In 1652, the Dutch East Indies Company established a small settlement at the Cape of Good Hope in South Africa to serve as a refueling station for its fleet of ships engaged in the Asian spice trade. The settlement was originally intended to be of limited size and duration, but Dutch emigration steadily increased throughout the eighteenth century, reaching an estimated population of more than fourteen thousand by 1793. As the pioneer settlements grew, so too did their conflicts with the local Khoisan people, seminomadic cattle herders who resented the foreign intrusion on their pastures. With superior weaponry, Dutch settlers defeated Khoisan resistance, seized their cattle, and forced many Khoisan to leave the region or remain as servile herders for the whites. At the same time, the Dutch East Indies Company began to import black slaves from West Africa to perform other forms of manual labor. Thus from the very beginning, the success of whites on the African frontier was dependent on African land and labor.
In the midst of the Napoleonic Wars, Britain seized the Cape from the Dutch in 1814 to prevent its possible capture by the French. Following the war, the British officials and settlers began to consolidate their rule at their new “Cape Colony,” establishing their own laws, language, and customs to replace those of the Dutch, who now called themselves Afrikaners (“Africans”). Afrikaner disaffection with British rule reached a peak in the 1830s, when large numbers of Afrikaners decided to leave the Cape Colony in an event that has become known as the Great Trek. In a scene reminiscent of American history, Afrikaner farmers and their families packed their belongings, hitched up their oxen-led covered wagons, and set out to find a new life beyond the known and established frontier. One of the leaders of the wagon trains was Piet Retief (1780–1838), a well-respected leader of the voortrekkers [pioneers]. Eager to present his reasons for leaving the Cape, Retief explained his motives in a brief letter titled “Manifesto of the Emigrant Farmers,” published in a colonial newspaper in 1837. In the reading selection that follows, Retief ’s specific grievances and intentions reflect his attitudes toward the British and the Africans, as well as his own sense of Afrikaner identity.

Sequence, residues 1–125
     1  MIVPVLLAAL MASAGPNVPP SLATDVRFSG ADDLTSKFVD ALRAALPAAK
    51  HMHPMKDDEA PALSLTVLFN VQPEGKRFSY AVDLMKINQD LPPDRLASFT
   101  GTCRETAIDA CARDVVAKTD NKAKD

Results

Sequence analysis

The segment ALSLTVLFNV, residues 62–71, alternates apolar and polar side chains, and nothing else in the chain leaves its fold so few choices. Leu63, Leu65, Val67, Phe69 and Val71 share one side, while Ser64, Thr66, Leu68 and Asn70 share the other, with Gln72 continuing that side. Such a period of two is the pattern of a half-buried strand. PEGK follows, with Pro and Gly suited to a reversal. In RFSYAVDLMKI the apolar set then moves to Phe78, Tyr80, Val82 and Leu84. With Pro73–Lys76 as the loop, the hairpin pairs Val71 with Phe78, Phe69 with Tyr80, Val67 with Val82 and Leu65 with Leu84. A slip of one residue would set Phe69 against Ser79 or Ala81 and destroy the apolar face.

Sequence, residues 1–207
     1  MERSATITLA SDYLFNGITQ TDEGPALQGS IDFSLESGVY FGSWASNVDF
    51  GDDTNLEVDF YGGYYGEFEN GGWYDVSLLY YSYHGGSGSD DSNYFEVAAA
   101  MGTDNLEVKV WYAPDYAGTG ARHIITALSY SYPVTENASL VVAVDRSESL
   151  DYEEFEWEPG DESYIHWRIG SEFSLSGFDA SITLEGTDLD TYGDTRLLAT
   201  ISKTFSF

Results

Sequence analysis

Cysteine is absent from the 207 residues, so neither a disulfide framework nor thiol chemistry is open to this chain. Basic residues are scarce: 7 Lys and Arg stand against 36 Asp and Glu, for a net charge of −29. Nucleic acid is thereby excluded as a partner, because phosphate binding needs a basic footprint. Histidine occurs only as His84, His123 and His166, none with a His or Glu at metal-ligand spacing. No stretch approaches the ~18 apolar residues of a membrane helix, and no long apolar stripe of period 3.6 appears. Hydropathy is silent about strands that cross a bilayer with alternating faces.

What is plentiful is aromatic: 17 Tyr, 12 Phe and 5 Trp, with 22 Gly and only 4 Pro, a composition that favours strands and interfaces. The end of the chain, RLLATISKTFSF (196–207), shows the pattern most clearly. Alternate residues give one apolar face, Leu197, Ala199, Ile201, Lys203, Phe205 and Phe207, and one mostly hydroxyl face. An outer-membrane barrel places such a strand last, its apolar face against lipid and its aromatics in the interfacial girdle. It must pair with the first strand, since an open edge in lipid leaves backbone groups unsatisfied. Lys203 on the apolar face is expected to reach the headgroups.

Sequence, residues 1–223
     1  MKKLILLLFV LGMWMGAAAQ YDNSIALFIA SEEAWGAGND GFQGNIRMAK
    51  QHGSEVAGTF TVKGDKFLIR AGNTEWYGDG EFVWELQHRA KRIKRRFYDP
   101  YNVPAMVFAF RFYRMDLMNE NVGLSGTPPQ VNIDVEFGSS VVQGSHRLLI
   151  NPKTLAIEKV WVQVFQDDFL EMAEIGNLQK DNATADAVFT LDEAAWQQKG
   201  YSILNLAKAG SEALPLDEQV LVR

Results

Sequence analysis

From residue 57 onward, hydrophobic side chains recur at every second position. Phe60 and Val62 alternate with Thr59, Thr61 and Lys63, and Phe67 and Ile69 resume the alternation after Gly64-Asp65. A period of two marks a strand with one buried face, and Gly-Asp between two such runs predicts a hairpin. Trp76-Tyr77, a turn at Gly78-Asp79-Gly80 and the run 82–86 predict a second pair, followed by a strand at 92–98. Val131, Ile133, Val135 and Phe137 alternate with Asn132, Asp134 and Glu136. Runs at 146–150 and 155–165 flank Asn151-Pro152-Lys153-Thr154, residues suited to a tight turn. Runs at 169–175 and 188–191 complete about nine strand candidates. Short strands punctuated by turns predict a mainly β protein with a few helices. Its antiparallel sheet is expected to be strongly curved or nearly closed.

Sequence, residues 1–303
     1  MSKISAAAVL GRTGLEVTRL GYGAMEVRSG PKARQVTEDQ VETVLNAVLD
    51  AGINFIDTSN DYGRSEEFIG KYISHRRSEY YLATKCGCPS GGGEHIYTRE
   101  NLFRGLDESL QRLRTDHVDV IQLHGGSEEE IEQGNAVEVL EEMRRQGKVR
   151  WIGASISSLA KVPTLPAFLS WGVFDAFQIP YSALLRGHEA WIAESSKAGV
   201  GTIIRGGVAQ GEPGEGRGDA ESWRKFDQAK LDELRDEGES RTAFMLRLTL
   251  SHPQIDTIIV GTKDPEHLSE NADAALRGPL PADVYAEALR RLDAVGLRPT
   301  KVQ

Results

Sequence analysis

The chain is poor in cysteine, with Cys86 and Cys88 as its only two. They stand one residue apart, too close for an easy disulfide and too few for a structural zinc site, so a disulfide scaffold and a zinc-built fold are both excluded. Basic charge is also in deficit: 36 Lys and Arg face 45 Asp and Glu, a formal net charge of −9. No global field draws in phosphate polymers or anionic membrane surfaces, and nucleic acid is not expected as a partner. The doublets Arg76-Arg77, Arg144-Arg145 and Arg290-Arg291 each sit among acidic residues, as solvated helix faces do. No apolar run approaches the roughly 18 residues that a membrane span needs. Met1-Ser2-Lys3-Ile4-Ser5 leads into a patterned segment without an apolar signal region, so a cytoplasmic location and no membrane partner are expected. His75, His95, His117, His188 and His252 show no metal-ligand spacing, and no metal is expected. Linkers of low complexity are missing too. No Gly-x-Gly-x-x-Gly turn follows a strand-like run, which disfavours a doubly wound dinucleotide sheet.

Piet Retief, “Manifesto of the Emigrant Farmers,” Grahamstown Journal (February 2, 1837), in G. W. Eybers, ed., Select Constitutional Documents Illustrating South African History, 1795–1910. New York: Negro Universities Press (1918): 143–45.